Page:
6. 2 1 2 3 1 2 3 1 2 4 1 2 1 2 4 R1 4 3 4 4 5 4 4 4 3 5 4 3 4 3 5 R2 0 1 2 3 4 5 6 7 8 9 10 11 12 13 14 15 0 1 2 3 4 5 6 7 8 9 10 11 12 13 14 15 An Example • T1=(1, 3),T2=(2, 5),T3=(2, 5),T4=(2, 3),T5=(1, 5) • m=U=wi =2, LCM = 15; • PF schedule [Baruah’96] • 15 scheduling points • 27 context switches Deadline miss only happens at period boundaries ! www.cs.pitt.edu/PARTS

    7. B-Fair: A new approach • Idea • Schedule ONLY at period boundaries • Allocate resources to tasks for the time units within two consecutive boundaries • Maintain fairness at boundary time bk (B-Fair) • Ti get either wi* bk or wi* bk • Two-step allocation • Mandatory units to keep fairness • Optional units for future urgent tasks www.cs.pitt.edu/PARTS

    8. 16/5 6/5 2 3/5 Demand 11 1 2 0 Mandatory 01/5 1 /5 0 3/5 pending ? Tasks T2, T3,T5are eligible for the optional unit The Example • T1=(1, 3),T2=(2, 5),T3=(2, 5),T4=(2, 3),T5=(1, 5) At boundary time 0: allocate [0  3) T1 T2 T3 T4 T5 R1 R2 0 1 2 3 4 5 6 7 8 9 10 11 12 13 14 15 www.cs.pitt.edu/PARTS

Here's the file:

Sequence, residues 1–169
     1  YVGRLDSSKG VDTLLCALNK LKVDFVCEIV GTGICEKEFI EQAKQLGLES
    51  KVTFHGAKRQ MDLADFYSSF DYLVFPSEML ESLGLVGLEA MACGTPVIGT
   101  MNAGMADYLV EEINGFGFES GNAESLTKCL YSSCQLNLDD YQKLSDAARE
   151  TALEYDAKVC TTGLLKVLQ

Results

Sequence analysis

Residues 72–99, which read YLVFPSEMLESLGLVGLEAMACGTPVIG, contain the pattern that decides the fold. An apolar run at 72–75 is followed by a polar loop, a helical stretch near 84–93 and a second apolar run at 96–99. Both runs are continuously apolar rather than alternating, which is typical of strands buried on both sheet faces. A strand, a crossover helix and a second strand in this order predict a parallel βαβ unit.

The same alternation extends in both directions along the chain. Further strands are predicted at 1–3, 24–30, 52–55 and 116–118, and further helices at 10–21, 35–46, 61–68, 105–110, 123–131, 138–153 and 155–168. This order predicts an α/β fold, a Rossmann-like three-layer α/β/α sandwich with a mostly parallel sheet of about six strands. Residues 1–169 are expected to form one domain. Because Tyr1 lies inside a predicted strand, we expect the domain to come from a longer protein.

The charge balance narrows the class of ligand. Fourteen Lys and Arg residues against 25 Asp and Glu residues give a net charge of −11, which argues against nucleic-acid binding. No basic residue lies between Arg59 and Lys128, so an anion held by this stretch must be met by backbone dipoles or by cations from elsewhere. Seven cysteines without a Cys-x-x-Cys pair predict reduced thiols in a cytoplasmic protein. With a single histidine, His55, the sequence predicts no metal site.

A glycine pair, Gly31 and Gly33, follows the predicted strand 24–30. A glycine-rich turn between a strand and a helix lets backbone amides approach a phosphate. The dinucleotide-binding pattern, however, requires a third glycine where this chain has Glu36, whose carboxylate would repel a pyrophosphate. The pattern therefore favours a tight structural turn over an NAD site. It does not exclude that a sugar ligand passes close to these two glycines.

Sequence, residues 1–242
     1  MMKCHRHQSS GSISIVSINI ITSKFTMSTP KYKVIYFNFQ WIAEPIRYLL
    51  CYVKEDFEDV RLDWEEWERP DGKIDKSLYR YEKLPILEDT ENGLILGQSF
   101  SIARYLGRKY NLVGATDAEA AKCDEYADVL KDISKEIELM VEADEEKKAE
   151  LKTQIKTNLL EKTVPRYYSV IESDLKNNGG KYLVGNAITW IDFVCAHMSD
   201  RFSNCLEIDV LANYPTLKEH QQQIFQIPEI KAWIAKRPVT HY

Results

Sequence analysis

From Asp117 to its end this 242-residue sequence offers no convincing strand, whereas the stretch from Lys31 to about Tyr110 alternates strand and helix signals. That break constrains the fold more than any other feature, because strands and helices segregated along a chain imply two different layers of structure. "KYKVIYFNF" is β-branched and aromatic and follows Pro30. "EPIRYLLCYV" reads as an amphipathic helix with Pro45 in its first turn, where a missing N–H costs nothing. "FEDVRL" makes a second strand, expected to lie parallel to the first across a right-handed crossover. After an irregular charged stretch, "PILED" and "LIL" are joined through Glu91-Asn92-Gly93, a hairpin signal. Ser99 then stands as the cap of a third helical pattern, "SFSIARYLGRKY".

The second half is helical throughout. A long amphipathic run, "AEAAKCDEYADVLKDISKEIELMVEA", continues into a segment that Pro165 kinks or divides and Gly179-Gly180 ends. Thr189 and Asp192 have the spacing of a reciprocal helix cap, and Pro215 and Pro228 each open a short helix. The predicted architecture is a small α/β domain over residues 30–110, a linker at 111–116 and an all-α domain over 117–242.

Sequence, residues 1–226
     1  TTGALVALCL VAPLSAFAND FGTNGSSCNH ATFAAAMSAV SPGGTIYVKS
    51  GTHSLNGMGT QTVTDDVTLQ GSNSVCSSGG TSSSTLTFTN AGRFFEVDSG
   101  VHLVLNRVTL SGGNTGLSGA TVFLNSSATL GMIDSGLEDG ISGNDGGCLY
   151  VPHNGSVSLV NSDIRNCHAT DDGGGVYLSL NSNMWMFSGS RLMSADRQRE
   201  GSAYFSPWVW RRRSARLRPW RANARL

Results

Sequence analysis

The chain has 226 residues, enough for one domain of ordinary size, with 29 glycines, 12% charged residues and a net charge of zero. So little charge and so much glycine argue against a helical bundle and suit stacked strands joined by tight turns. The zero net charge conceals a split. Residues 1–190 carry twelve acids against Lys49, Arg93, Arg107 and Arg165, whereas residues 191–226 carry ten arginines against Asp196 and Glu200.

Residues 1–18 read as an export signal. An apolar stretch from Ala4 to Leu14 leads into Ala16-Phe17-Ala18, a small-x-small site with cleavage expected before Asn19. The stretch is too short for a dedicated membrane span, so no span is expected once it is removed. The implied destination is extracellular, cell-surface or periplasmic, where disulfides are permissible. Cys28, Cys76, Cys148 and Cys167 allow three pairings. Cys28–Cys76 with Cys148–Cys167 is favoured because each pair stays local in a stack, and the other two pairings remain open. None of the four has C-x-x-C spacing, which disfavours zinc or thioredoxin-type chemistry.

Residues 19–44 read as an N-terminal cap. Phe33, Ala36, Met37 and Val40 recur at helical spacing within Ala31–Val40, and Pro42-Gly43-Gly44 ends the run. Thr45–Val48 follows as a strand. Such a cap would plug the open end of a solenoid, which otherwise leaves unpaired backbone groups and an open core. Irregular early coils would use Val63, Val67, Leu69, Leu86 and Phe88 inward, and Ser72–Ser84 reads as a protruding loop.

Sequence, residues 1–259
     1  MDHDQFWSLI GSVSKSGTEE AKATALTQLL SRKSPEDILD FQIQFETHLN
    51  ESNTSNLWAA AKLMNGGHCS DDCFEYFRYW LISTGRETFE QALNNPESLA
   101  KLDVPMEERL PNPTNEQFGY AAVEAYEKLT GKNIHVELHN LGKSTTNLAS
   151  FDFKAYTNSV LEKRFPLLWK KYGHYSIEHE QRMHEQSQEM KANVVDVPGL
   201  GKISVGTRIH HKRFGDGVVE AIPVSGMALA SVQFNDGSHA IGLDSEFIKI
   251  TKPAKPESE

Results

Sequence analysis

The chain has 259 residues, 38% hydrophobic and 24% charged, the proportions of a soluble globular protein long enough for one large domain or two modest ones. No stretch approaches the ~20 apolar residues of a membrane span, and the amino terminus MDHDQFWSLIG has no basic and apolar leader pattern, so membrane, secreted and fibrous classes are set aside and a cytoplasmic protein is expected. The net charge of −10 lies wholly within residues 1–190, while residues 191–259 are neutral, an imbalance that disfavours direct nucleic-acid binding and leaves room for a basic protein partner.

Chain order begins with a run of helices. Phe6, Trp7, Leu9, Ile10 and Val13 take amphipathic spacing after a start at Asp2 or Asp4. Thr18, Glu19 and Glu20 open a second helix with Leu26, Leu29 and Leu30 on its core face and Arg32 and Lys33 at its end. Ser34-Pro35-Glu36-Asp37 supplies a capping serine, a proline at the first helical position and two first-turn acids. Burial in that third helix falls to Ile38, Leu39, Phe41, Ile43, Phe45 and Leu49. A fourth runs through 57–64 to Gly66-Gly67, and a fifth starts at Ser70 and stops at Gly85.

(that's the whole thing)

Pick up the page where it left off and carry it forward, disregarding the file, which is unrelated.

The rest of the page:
9. BF Algorithm • Define a set of boundaries: {b0, …, bL} • bk < bk+1; b0 = 0, bL = LCM; • k, Ti, bk is a multiple of pi; • At bk, we allocate [bk , bk+1) • Mandatory units • Optional units • mik = max{ 0, RWik + wi*(bk+1 – bk) } • RWik = Remaining work for Ti before bk • RWik = wi* bk – allocated units for Ti • m*(bk+1 – bk) >  mik www.cs.pitt.edu/PARTS

    10. : idea from P-fair [Baruah’96] • k(Ti) = sign[bk+1*wi – bk*wi – (bk+1- bk)] • (Ti, k) = k+1(Ti), …, k+s(Ti) • Minimum s such that k+s(Ti)  ‘+’ • : when k+s(Ti) = ‘–’ BF Algorithm (cont.) • Eligible tasks • Pending work:PWik=RWik + wi*(bk+1 – bk) -mik> 0 • Not fully allocated: mik < bk+1 – bk • Dynamic priority: urgency of future • Character string • Time Factor (TF) www.cs.pitt.edu/PARTS

    11. BF Algorithm (cont.) • For eligible tasks Ti and Tj • Compare (Ti, k) and (Ti, k) • Character by character: ‘+’ > ‘0’ > ‘–’ • Bigger string has higher priority • If tie and last character is ‘0’: arbitrary • If tie and last character is ‘–’ • Compare time factor (TF) • smaller time factor has higher priority • If tie again: arbitrary, e.g., smaller index • High priority tasks get one optional unit each www.cs.pitt.edu/PARTS